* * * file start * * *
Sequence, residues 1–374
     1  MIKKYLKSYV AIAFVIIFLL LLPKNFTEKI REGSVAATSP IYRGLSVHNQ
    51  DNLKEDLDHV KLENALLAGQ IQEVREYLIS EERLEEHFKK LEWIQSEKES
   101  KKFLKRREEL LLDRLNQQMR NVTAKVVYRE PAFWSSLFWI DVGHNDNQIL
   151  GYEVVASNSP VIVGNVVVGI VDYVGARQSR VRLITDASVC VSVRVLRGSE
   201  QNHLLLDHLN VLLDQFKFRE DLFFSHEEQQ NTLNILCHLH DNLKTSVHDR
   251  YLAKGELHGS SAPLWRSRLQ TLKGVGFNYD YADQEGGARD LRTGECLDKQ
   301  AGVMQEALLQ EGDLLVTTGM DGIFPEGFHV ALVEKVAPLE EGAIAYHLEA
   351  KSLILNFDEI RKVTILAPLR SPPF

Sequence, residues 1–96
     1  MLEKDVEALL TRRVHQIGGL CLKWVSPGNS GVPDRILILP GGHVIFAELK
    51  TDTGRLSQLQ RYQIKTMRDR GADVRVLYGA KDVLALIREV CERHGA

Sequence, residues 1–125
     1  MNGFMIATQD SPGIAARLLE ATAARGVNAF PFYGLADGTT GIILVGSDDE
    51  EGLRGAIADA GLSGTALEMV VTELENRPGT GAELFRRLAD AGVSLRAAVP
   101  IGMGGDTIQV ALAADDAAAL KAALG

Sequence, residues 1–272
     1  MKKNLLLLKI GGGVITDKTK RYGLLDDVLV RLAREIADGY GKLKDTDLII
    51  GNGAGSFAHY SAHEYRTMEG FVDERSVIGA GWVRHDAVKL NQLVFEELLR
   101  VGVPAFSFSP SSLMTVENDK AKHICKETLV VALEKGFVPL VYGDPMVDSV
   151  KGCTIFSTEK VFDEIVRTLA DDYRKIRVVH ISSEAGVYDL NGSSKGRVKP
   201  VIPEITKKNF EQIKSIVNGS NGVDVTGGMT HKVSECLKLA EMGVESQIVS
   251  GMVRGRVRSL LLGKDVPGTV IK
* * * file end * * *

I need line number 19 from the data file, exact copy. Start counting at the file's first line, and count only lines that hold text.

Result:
    51  GNGAGSFAHY SAHEYRTMEG FVDERSVIGA GWVRHDAVKL NQLVFEELLR